Book Review : A Court of Silver Flames

This review contains spoilers. Read at your own risk.
Book Review : A Court of Silver FlamesA Court of Silver Flames (A Court of Thorns and Roses, #4) by Sarah J. Maas
Published by Bloomsbury on February 16th 2021
Genres: Fantasy, Love & Romance
Pages: 757
Buy on Amazon, Barnes & Noble, or Bookshop.org
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one-star

Nesta Archeron has always been prickly-proud, swift to anger, and slow to forgive. And ever since being forced into the Cauldron and becoming High Fae against her will, she's struggled to find a place for herself within the strange, deadly world she inhabits. Worse, she can't seem to move past the horrors of the war with Hybern and all she lost in it.
The one person who ignites her temper more than any other is Cassian, the battle-scarred warrior whose position in Rhysand and Feyre's Night Court keeps him constantly in Nesta's orbit. But her temper isn't the only thing Cassian ignites. The fire between them is undeniable, and only burns hotter as they are forced into close quarters with each other.
Meanwhile, the treacherous human queens who returned to the Continent during the last war have forged a dangerous new alliance, threatening the fragile peace that has settled over the realms. And the key to halting them might very well rely on Cassian and Nesta facing their haunting pasts.
Against the sweeping backdrop of a world seared by war and plagued with uncertainty, Nesta and Cassian battle monsters from within and without as they search for acceptance-and healing-in each other's arms.

Well, I definitely overhyped myself for A Court of Silver Flames. After years of waiting for Cassian and Nesta to get together, I found the reality of it was extremely lacking in comparison to my imagination. Though I initally enjoyed visiting old friends from the Night Court in this series, I found myself disappointed with how little actually happened, the route Nesta’s healing went, and the treatment of Feyre in this novel.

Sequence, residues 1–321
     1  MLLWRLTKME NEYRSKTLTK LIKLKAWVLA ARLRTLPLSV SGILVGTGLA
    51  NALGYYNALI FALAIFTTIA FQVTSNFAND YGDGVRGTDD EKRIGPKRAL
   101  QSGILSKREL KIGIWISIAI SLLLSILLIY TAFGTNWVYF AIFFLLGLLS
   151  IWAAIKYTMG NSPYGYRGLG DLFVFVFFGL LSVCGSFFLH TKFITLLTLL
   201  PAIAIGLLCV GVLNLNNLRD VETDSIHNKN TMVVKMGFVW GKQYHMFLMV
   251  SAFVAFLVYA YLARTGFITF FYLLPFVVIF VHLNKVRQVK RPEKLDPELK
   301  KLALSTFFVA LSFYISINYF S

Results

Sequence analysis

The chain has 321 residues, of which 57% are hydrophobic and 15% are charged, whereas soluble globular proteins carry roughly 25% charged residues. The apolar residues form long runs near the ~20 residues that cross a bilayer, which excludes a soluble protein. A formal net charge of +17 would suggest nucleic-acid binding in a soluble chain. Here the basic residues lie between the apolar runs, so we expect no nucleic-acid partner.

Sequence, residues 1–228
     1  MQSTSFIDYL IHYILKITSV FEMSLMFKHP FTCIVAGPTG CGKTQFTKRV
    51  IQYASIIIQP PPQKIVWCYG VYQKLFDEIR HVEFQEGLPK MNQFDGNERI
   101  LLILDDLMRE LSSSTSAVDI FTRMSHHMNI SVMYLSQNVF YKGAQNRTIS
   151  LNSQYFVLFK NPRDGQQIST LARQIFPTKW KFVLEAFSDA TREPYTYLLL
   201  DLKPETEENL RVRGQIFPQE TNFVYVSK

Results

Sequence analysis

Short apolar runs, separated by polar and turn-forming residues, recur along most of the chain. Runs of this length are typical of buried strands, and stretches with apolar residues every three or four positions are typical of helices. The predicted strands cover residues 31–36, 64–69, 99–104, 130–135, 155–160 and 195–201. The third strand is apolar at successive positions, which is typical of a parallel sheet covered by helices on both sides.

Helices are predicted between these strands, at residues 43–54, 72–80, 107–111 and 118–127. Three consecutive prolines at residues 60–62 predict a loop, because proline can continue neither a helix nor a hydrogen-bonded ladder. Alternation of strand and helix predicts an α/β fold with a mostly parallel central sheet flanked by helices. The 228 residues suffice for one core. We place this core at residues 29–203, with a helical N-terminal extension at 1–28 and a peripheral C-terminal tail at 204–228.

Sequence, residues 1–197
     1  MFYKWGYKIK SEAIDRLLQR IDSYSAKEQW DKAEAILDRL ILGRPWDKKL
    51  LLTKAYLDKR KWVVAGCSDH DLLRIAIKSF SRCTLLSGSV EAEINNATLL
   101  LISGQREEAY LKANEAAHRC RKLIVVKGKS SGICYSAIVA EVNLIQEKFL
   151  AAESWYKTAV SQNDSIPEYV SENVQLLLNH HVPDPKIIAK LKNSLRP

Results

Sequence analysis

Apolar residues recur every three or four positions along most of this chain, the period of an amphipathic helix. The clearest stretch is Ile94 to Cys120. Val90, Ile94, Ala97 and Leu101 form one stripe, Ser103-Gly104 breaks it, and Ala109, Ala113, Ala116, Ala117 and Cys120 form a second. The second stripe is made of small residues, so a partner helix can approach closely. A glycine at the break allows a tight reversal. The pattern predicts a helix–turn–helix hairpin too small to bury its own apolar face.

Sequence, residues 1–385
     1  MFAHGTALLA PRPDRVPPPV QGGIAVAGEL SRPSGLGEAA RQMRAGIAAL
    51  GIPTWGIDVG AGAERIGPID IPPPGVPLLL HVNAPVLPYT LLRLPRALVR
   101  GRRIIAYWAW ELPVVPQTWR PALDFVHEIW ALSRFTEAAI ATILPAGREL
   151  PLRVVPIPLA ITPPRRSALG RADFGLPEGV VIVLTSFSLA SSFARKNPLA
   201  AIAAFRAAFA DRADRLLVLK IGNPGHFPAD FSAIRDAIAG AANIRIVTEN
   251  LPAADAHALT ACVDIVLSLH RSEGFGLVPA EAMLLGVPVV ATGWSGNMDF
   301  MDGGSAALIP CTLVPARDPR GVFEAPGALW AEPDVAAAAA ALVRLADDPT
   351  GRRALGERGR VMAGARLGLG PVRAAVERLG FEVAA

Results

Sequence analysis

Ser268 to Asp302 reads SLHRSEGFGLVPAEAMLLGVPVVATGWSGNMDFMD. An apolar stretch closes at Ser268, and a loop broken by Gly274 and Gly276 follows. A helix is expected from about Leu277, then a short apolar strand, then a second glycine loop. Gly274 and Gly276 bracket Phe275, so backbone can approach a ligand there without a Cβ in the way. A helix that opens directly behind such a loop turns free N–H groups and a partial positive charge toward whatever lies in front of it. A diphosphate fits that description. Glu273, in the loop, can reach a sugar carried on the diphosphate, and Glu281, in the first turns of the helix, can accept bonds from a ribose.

Feyre’s eyes blazed. “But I’m done paying for you to destroy yourself.”

 

To my complete horror, as well as Nesta’s, she is shipped off to warrior training with Cassian to get over her self-destruction. Before long, the two shack up, Nesta quits drinking, sleeping around, but luckily, never quite stops being a raging bitch. As part of her recovery, she also works in the library of Velaris, where all the priestesses/librarians have also been through traumatic incidents. Many of the traumas the prestesses have been through makes Nesta’s own trauma look like a walk in the park in comparison. Nesta somehow befriends one of priestesses, named Gwyn, and an Illyrian shop owner with clipped wings named Emerie. They soon begin training with Nesta and Cassian and determine to become Valkyries. I had to roll my eyes at this random goal.

 

Why is someone like Nesta, with unimaginable magical powers, doing physical training? Yes, I get that she has rage issues and it’s a great way to work out some of those aggressions. But a literal massive chunk of the novel is devoted to Nesta learning how to plant her feet, balance, and breathe, and suddenly, she’s a freaking swordswoman Valkyrie?  It still baffles me. I would have much preferred seeing her train in magic with Amren, despite the two of them being on horrendous terms. But most of all, I couldn’t believe what a missed opportunity A Court of Siler Flames was for healing between the three Acheron sisters.

 

Yes, Nesta finally somehow comes to terms with how awful her behavior was towards her sister and friends through sword training and befriending Gwyn and Emerie,  but I don’t really see it demonstrated how the sword training and new friendships opened her eyes to realize she was in the wrong in all of her past behavior. Plus, during her healing process, she continually wounds her sisters again, demonstrating how much she still has to learn. They also have very few conversations throughout the process, and spend little time together. I just wish that instead of Gwyn and Emerie, who still seem like pretty random and convenient characters to me, that Nesta could’ve gone through the emotional healing process with her sisters. 

 

“Illyrian females have a pelvis shaped specifically for children with wings to pass through. High Fae females do not. And when a child has wings, they can get stuck during labor.” His face had gone pale beneath the bruises. “Most females die, the babes with them. There’s no way for magic to help, short of fracturing a female’s pelvis to widen it for the birthing. Which might kill the babe anyway.”